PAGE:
Saturday, July 17, 2010
Ask Stape, about repeating paintings
Here is a question I received via e-mail.I have several more in the hopper that I will answer in coming posts.
thanks for all the great blogs you have done. I follow you and learn a lot. Question: when does a painting stop being an original? I have a collector unhappy with me cause he bought a painting of Deathwhistle Lake 3 years ago and has seen others similar (but not exactly) to that in the local gallery. Also, I have posted on my web a duplication of a painting but in a larger size. So if I do a painting in a different size, is that bad also? I have heard that I can go back to the same location and change subject slightly and still be okay. Maybe it is a gray area or am I relying too heavily on my past success?
Regards, Tetanus B. Mandiblesnapper
All paintings in this post are by Gilbert Stuart of George Washington
That's a delicate question. There are artists who make the same painting over and over. When their name comes up in the conversations of their artist brethren, that counts as a strike against them. Respect of your peers is one of the conditions of success. So there exists a point at which an artist is perceived as having become a mass producer working merely for money. There are a lot of gradations short of that though.
If you have a client who is concerned you probably have a problem and I would take it as a warning. I see no problem with making a larger version of a small painting. You can call the small one "A study for Deathwhistle Lake" and the larger, simply "Deathwhistle Lake". I have had customers ask if I would paint them another version of a painting that they wanted but I have sold. I tell them I can, but I have to make it a little different out of respect for the owner of the first version. They usually have no problem with that, and I make it noticeably different. I also get half up front, please.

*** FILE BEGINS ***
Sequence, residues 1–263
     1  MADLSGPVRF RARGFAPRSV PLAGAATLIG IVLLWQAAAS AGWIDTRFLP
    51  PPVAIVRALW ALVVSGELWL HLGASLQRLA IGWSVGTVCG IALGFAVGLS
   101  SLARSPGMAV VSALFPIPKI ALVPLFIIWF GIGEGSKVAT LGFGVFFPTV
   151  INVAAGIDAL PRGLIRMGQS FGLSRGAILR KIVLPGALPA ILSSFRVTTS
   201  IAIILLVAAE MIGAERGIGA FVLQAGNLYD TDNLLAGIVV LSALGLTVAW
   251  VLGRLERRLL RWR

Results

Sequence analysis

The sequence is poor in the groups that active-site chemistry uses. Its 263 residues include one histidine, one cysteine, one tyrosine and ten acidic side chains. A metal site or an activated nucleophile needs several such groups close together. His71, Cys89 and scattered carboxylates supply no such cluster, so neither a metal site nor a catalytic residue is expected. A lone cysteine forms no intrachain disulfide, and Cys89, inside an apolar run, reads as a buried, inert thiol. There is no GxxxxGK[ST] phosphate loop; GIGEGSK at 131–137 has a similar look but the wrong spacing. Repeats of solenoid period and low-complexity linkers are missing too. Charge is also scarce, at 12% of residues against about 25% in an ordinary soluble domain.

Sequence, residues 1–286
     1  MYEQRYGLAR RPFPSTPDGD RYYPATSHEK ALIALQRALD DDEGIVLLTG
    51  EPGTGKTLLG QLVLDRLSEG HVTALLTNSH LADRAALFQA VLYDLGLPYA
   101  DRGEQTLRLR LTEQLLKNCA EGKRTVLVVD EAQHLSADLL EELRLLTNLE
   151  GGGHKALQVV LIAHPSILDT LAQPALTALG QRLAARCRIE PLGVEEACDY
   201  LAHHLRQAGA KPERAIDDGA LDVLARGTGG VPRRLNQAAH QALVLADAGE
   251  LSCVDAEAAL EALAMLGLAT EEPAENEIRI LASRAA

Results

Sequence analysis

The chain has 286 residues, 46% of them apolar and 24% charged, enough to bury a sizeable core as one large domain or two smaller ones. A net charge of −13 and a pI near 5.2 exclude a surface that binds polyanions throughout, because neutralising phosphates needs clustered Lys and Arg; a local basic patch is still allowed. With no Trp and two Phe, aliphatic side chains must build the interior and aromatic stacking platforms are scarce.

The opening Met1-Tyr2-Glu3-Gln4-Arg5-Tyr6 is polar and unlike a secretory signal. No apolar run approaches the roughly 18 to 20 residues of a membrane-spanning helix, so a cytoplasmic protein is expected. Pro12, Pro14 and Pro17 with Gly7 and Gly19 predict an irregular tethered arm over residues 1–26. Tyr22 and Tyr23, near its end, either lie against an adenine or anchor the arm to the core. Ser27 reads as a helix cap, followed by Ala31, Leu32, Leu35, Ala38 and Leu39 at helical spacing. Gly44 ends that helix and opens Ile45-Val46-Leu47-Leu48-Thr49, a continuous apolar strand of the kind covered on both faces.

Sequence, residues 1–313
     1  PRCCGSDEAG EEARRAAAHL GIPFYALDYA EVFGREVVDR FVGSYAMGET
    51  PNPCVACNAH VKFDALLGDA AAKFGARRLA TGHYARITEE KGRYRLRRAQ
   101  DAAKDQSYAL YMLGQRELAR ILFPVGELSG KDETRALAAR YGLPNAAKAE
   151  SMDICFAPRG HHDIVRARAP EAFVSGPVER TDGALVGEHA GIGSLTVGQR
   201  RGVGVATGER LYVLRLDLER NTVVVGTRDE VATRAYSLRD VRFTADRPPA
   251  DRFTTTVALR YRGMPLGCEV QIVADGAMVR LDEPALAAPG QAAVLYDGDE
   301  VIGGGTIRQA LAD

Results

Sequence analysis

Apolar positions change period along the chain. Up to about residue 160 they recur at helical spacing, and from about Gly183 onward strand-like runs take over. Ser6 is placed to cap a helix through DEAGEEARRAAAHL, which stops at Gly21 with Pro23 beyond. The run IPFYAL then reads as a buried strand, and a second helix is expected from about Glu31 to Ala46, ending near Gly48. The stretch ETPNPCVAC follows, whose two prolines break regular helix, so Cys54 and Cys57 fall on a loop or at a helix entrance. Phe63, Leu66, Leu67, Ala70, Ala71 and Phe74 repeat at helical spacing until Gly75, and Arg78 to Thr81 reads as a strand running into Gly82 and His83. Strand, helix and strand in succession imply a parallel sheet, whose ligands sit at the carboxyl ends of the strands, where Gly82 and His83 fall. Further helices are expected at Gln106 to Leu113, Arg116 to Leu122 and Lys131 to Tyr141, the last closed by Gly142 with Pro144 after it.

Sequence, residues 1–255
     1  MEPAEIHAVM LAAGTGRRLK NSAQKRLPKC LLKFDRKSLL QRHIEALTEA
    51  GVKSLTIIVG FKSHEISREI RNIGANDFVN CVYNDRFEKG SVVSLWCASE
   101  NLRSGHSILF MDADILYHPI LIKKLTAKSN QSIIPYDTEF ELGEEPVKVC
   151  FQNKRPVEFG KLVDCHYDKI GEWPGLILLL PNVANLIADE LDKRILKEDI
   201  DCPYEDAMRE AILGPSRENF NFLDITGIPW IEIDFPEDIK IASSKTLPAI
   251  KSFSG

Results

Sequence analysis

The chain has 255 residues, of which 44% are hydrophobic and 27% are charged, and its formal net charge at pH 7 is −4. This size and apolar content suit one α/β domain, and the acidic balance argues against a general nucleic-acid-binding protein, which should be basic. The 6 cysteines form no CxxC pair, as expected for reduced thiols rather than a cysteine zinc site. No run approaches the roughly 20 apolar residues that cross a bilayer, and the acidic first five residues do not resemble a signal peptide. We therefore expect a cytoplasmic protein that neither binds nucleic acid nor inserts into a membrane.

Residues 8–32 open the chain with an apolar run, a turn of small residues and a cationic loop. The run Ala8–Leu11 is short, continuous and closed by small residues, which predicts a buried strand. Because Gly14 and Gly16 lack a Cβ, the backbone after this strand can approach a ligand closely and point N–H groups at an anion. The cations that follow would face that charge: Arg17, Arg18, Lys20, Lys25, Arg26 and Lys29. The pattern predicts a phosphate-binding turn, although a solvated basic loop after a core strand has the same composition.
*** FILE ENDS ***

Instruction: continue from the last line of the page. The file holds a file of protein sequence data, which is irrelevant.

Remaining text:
I don't think there is a problem with doing a series of paintings of the same subject, but they should all be variations on the theme and different enough that the average Joe can tell them apart at a glance.
I don't think however that it is good to make the same painting more than once. I know that some artists feel that a certain subject is a good "seller" and they want to always have that picture in inventory. But I think in the long run you lose more than you gain with that. You might sell a few extra paintings, although there is no way of knowing if what you might have made instead would have sold as well.
An artist sells integrity, that is your most important product. In the long run people are trusting you to be an original and inventive artist, at least when the money gets meaningful. Production painters doing stacks of small inexpensive paintings probably don't have as much expected of them, and they can crank out widgets and still sell them. But at the level I like to operate I am selling to collectors and they expect to get an original one of a kind, lovingly crafted painting original in concept and execution. They buy my art expecting to receive that, and I want to give it to them. That is important when selling collector quality art. If there is more than one of a painting they feel that what they have bought is reduced in value. Artists are expected to be creative, always making something new and different is more creative than wearing the same path over and over.
There is another reason I think repeating yourself can be a problem. I don't think you will get as much artistic growth making the same image repeatedly. Making new images stretches you as an artist. You have to try harder. When the painting is sold the money will be quickly spent and what you will have to show for it's creation is an increased ability to make paintings. I am much more interested in the increased ability to make paintings than in any one painting, I have made thousands.
I would get bored with the tedium of making the same picture twice, it would seem too much like punching a clock for Mr. Charlie, drudgery. As an ADD role model and human whippet with the attention span of an insect, I need to vary my tasks all the time. That is one of the things that makes painting such a great business for me. I am always working on something different and making projects that have a beginning and an end. I hope I haven't been too harsh, let me know if I have and I will post a picture of a baby animal as penance.
If you are in California and would be interested in a potential workshop there in the early fall, please e-mail me and let me know.